Being composed of only two ingredients, the quality of the pasta depends almost exclusively on the quality of the durum wheat semolina. From a nutritional point of view, it contains more proteins and gluten than soft wheat flour and the resulting products have better conservation, a lower glycemic index and contain carotenoids, pigments capable of binding and eliminating free radicals. In addition, the ability to retain starch ensures perfect cooking, preventing the pasta from sticking as happens to that produced with soft wheat.
Precisely to preserve the tradition of pasta, Italian legislation requires the use of durum wheat flour in the production of dry pasta (Law no. 580 of 1967 and subsequent amendments). However, for some time the marketing of pasta obtained from soft or mixed wheat has been authorized, which has brought low quality pasta brands to the shelves of our supermarkets, which do not respect this ancient art and offer a product whose organoleptic characteristics are not comparable. to real Italian pasta.
Durum and soft wheat semolina pasta: do you know the differences?
Durum wheat semolina pasta, to be named as such, must be the result of the drawing, rolling and drying of a dough prepared exclusively with durum wheat semolina and water, without the addition of coloring and preservatives. The particular properties of durum wheat ensure that the starch does not disperse and therefore the pasta does not overcook, ensuring that it is firmly cooked and a dish with a unique and authentic taste.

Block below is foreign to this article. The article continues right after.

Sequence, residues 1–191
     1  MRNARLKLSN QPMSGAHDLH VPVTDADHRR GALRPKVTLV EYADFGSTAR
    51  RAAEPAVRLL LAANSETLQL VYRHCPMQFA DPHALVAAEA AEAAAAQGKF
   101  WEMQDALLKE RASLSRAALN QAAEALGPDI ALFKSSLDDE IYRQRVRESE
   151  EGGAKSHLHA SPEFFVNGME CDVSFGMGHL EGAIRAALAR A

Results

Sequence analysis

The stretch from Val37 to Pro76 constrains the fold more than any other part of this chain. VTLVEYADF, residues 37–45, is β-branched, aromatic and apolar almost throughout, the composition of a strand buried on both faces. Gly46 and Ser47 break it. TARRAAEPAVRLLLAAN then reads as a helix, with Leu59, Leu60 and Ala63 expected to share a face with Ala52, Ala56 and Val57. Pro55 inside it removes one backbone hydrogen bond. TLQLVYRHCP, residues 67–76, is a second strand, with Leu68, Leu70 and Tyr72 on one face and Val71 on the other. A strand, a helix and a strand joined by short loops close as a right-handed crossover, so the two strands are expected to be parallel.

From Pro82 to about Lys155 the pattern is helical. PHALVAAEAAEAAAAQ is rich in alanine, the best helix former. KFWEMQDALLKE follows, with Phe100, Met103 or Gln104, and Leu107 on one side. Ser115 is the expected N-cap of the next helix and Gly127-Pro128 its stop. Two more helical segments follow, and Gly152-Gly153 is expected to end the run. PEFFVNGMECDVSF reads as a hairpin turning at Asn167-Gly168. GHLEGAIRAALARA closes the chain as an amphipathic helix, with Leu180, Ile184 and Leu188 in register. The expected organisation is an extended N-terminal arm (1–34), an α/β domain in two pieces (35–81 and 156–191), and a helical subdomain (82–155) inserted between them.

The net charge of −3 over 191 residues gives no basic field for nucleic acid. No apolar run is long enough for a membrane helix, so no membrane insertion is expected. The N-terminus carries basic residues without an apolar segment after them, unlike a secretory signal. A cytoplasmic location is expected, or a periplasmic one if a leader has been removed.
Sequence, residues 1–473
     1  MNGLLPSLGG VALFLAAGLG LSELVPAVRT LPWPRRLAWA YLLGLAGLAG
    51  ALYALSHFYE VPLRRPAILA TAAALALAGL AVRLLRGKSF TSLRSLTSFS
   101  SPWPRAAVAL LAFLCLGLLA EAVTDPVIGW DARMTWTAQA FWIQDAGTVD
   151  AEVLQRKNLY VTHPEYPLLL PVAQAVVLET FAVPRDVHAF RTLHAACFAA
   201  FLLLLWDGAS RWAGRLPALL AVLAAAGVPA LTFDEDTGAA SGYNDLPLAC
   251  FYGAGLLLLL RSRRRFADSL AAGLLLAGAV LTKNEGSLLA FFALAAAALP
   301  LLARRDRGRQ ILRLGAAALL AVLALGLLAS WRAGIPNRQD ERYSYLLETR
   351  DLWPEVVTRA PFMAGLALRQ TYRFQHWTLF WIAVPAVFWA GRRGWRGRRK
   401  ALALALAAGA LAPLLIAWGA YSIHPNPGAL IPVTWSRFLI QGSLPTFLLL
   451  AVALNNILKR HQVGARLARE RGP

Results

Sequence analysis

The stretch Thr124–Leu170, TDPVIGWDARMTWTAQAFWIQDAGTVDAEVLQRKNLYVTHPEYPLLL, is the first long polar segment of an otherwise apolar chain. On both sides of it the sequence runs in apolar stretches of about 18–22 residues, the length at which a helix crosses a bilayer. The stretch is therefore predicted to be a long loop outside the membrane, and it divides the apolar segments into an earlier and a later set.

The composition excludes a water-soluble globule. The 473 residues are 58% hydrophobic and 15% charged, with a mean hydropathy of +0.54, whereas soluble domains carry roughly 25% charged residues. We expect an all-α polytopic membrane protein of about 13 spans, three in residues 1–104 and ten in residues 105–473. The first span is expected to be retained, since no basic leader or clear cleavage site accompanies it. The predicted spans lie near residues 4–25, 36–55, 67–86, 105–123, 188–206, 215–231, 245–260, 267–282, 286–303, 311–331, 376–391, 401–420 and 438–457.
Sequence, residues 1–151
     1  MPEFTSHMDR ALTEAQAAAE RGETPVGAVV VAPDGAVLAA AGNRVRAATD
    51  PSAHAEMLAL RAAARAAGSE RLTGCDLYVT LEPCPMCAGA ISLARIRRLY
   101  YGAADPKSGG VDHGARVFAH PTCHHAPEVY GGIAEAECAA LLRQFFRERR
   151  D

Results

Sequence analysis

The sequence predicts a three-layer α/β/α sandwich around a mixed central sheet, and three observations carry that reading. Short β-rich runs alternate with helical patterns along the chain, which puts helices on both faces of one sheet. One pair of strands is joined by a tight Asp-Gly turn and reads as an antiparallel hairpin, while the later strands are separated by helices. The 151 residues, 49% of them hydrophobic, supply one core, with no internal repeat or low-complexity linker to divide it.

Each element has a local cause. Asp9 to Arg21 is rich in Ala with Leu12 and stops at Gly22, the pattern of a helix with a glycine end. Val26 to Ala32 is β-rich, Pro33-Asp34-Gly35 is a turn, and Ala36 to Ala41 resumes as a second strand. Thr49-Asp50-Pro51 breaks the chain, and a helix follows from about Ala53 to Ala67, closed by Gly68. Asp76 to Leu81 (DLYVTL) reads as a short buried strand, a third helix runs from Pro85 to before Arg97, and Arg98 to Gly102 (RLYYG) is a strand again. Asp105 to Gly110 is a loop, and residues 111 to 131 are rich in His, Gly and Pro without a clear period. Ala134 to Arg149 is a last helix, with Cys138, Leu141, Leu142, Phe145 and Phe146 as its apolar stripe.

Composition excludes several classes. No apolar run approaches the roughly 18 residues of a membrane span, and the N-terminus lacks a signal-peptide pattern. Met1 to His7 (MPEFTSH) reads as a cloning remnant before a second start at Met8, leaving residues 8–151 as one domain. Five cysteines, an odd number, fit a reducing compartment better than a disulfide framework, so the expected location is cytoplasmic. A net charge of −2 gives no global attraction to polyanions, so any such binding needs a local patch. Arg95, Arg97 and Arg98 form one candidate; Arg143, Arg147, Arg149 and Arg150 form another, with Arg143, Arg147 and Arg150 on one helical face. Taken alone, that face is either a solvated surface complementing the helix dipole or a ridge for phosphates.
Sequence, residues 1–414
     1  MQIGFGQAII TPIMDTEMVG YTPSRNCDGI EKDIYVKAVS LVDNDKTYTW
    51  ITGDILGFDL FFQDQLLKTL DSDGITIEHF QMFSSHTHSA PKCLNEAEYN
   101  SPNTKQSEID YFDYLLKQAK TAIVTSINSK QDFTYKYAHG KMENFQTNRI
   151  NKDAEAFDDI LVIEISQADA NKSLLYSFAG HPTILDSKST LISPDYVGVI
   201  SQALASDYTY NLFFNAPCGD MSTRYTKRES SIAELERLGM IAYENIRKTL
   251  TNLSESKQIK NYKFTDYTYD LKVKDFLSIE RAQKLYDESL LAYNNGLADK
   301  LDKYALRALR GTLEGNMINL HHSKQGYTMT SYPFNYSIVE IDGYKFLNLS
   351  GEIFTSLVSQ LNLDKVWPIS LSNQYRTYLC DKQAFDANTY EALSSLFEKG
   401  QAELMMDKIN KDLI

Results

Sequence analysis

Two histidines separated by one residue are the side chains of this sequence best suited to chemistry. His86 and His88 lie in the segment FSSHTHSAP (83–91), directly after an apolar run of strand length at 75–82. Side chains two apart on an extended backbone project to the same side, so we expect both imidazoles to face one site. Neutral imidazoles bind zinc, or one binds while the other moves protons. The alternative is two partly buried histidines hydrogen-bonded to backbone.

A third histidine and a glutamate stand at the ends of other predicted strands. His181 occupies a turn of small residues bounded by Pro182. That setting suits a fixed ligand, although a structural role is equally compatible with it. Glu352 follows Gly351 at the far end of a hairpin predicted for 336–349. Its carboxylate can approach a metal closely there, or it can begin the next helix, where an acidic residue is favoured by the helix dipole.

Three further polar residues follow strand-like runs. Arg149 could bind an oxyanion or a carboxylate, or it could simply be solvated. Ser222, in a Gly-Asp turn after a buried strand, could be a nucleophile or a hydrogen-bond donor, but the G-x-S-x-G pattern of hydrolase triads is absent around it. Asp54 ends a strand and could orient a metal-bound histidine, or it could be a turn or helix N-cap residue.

But what are the differences between the two types of wheat?
Soft wheat is a type of wheat that breaks easily and is used to obtain the so-called white flour, which can be of various types based on the degree of
refining: type 0, type 00, type 1, type 2 and wholemeal flour. Soft wheat flour is generally used for leavened and baked products, as the resulting dough has a medium-low toughness and therefore good extensibility. Soft wheat flour also contains less protein and a lower absorption capacity than durum wheat flour.
Durum wheat is a type of wheat that breaks easily, has a coarse grain and an amber-yellow color. From its grinding we obtain semolina, wholemeal semolina and re-milled semolina. Compared to white flour, semolina is more grainy and of a more intense yellow, due to the presence of carotenoids. Durum wheat semolina has a high tenacity and lower extensibility than white flour and is therefore suitable for both bread making and pasta production.
How “GIANNOBILE” durum wheat semolina pasta is produced
The Giannobile pasta factory, located in Perano in the province of Chieti, uses only semolina obtained from the best Italian durum wheat, free of impurities, of excellent quality and characterized by tenacious gluten. Once delivered into the hands of our master pasta maker, the semolina is subjected to rigorous controls and used in a short time
to ensure the intact conservation of its original values. During the kneading phase it is combined with 20-30% of water, thus forming a gluten network that envelops the starch, preventing it from being dispersed in water during cooking. Once the optimal consistency and plasticity have been achieved, the dough is drawn with strictly bronze molds specially designed to perfectly calibrate the thicknesses and obtain the desired pasta shapes.
Then follows the most delicate phase, drying, which Massimo Giannobile chooses to do slowly and at low temperatures, in order not to compromise the quality of the finished product. The first part of this process involves the surface layers of the pasta, which begins to stiffen and lose about a third of the total moisture, after which the final drying takes place in special dryers at a controlled temperature. The pasta is then stabilized by bringing it back to room temperature to avoid thermal stress. These delicate and very long processes that can even exceed 72 hours guarantee the high quality of Giannobile pasta. The packaging phase, carried out manually by our employees who pack it in transparent bags and then in boxes, ready to reach the points of sale in every corner of the world.